The Seahawks head into their bye week with an impressive 8-2 record thanks to Monday night's overtime win over the previously unbeaten San Francisco 49ers. Prior to enjoying a bit of time off, Seahawks coach Pete Carroll met with the media Tuesday afternoon to talk about his team's fifth road victory in as many tries this season. In addition to an encouraging update on Tyler Lockett's leg injury, here are six takeaways from Carroll's press conference:
1. Heads or tails?
For as long as Carroll can remember, he has had his backup quarterback handle the coin toss in overtime, and for the second week in a row, Geno Smith and the Seahawks won the coin toss and got the ball.
On Monday night, Smith called heads, the coin landed heads, and the Seahawks started overtime with the ball. Both teams ended up getting multiple possessions in overtime before Jason Myers' game-winning field goal, so that coin toss didn't determine much of anything, but a social media controversy started not long after the game because, depending on who you ask or which version of the audio you listen to, it kind of sounds like Smith said tails.
"How about that?" Carroll marveled. "Has everybody done that?"
Must like the debate over whether the dress was blue or gold, or whether that viral audio clip said Laurel or Yanny, this heads or tails debate has led to a lot of arguments on twitter.
Ultimately, however, the most telling evidence probably comes from 49ers cornerback Richard Sherman, who was his team's representative for the coin toss. If there was any doubt to what Smith called, Sherman is about the last person in the NFL who would let that go without a debate with the referee.
"Richard would've griped, I would think," Carroll said. "He would for sure if he heard something different than what happened. I'm going with that more than anything."
Oh, and if anyone wanted Carroll's take on previous debates such as this, he said the dress is blue, and Laurel.
2. The safety play was "the best we've seen it this year."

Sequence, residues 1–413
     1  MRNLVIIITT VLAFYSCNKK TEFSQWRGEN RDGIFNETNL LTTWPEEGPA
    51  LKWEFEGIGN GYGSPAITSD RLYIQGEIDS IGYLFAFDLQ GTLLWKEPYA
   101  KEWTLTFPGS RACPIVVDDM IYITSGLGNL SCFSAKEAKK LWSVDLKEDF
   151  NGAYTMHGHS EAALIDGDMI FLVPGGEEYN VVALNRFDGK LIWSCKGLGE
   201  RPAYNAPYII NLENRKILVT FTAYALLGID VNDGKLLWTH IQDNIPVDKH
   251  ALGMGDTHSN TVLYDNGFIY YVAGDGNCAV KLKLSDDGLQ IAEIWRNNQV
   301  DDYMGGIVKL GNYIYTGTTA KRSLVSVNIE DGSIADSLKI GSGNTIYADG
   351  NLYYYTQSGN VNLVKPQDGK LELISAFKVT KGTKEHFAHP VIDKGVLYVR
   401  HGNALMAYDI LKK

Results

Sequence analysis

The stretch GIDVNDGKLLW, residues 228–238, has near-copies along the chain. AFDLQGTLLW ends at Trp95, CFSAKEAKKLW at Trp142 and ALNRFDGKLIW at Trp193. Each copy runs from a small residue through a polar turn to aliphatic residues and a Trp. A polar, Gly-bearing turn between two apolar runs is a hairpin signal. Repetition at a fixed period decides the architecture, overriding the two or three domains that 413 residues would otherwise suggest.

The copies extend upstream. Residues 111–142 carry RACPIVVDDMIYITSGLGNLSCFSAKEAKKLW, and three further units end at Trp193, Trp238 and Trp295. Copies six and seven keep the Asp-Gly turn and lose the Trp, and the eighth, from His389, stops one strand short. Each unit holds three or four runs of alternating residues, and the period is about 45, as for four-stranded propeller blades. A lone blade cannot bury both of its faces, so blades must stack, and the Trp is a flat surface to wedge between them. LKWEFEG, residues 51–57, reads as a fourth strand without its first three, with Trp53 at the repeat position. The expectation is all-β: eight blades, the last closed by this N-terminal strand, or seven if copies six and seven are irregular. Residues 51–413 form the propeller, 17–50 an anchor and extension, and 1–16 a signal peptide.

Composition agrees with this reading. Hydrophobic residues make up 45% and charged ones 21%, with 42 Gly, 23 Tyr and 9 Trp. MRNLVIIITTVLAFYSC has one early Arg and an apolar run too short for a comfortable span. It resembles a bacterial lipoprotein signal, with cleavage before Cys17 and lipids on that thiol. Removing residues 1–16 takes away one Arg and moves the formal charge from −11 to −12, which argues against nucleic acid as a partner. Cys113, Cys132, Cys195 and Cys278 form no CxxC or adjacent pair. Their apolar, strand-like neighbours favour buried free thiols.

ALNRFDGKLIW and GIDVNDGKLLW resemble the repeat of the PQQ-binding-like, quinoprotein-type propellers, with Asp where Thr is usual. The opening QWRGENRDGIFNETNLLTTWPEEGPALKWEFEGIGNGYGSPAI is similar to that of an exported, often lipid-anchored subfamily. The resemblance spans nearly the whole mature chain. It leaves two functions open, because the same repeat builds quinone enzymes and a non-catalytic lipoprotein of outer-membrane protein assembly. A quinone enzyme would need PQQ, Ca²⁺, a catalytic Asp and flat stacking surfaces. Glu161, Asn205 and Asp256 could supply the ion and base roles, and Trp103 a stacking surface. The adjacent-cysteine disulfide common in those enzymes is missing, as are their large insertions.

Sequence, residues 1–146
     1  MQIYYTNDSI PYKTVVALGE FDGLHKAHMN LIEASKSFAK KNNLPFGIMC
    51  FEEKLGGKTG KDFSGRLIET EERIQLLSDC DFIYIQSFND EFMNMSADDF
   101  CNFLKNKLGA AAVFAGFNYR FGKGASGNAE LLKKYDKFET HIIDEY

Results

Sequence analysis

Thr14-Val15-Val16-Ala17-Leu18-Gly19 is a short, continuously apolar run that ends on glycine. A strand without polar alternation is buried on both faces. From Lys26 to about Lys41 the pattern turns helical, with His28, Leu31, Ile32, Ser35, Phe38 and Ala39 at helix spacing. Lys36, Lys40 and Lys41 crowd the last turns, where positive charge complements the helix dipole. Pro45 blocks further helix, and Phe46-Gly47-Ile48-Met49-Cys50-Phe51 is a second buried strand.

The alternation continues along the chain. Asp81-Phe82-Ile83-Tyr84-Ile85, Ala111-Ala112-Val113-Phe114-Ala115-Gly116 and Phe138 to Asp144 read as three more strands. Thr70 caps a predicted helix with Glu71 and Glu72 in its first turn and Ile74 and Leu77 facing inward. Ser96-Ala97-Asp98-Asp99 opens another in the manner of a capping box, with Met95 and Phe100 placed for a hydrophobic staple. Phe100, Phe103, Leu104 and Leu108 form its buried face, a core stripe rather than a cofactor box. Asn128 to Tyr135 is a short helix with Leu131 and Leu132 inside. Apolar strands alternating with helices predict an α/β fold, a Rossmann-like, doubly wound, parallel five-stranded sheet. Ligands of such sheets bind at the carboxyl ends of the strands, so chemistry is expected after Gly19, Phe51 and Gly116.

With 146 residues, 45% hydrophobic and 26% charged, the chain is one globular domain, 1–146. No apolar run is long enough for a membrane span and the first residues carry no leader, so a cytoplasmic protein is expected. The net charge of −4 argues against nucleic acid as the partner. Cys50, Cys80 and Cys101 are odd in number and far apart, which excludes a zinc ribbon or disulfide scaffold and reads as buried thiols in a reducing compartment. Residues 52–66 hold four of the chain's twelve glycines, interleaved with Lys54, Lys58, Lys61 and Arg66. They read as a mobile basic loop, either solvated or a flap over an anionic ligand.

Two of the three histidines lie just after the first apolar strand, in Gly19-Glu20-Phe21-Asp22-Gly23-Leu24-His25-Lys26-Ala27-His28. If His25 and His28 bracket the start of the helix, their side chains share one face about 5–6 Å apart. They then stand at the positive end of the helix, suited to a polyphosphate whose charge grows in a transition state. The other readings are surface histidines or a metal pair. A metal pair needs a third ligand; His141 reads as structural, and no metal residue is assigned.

After missing his first two games with the Seahawks due to a hamstring injury, Quandre Diggs started Monday's game at free safety, while Bradley McDougald started at strong safety. Diggs came through with a few physical hits, and most notably an interception that he returned 44 yards to help set up a touchdown, and overall Carroll was very happy with what he saw out of what was the fifth different starting safety combination used by Seattle this season.
"I thought both the safeties played really well," Carroll said. "I thought B-Mac played well, too, and was very active in this game. I think the settling presence of a veteran, and also, (Diggs) is a hitter. He's a real hitter and he goes for it. He had a couple big shots. Had a big shot in the toss. Had a couple shots on receivers that I think had a factor later on in the game. Bradley had a couple hits, too. You combine what they did, I thought the safety play was the best we've seen it this year. I thought that was the best game that our safeties have played. I'm hoping that we can continue to grow and get better and feed off it. It's an early assessment because Q's just played one game. He can do a lot of things, so we'll be anxious to figure out how he can complement what we're doing and utilize him now that he's crossed the threshold of playing time for us."
3. Jadeveon Clowney's dominant performance was just as impressive on film.
Carroll and just about anyone else asked about Jadeveon Clowney's performance following the game raved about the impact the defensive end had on the game. Evaluating that performance on tape after the game only further emphasized how good Clowney was on a night where a stat line of one sack, one forced fumble, one fumble return for a touchdown and five quarterback hits doesn't begin to tell the story of the impact he had on the game.
"Golly, what a fantastic football game he played," Carroll said. "He just was unlockable. He just continued to weave his way into the backfield and make plays, the run and the pass. And the plays that he wouldn't get credit for that he affected were many and all across the board."